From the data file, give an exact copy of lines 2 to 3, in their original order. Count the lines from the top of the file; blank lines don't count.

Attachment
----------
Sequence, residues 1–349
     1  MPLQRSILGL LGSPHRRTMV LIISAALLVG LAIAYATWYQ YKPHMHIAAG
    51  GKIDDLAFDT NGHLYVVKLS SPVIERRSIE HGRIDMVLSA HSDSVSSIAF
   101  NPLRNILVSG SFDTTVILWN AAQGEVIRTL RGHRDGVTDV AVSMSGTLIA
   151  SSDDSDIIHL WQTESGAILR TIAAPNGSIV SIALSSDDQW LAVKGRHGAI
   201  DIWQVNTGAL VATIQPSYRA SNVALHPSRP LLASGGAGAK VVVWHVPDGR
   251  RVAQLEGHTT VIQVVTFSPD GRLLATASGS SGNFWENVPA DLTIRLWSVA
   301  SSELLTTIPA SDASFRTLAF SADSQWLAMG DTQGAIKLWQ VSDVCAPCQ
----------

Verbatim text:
     1  MPLQRSILGL LGSPHRRTMV LIISAALLVG LAIAYATWYQ YKPHMHIAAG
    51  GKIDDLAFDT NGHLYVVKLS SPVIERRSIE HGRIDMVLSA HSDSVSSIAF